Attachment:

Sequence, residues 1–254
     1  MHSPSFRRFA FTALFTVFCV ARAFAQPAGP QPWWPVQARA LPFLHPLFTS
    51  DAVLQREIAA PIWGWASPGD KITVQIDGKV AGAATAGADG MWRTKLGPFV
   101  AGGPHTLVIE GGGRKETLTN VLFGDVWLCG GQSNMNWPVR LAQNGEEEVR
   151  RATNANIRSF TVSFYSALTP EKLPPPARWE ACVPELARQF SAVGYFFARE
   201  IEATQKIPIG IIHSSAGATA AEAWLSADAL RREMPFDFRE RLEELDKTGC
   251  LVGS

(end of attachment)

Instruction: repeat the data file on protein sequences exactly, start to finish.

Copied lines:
Sequence, residues 1–254
     1  MHSPSFRRFA FTALFTVFCV ARAFAQPAGP QPWWPVQARA LPFLHPLFTS
    51  DAVLQREIAA PIWGWASPGD KITVQIDGKV AGAATAGADG MWRTKLGPFV
   101  AGGPHTLVIE GGGRKETLTN VLFGDVWLCG GQSNMNWPVR LAQNGEEEVR
   151  RATNANIRSF TVSFYSALTP EKLPPPARWE ACVPELARQF SAVGYFFARE
   201  IEATQKIPIG IIHSSAGATA AEAWLSADAL RREMPFDFRE RLEELDKTGC
   251  LVGS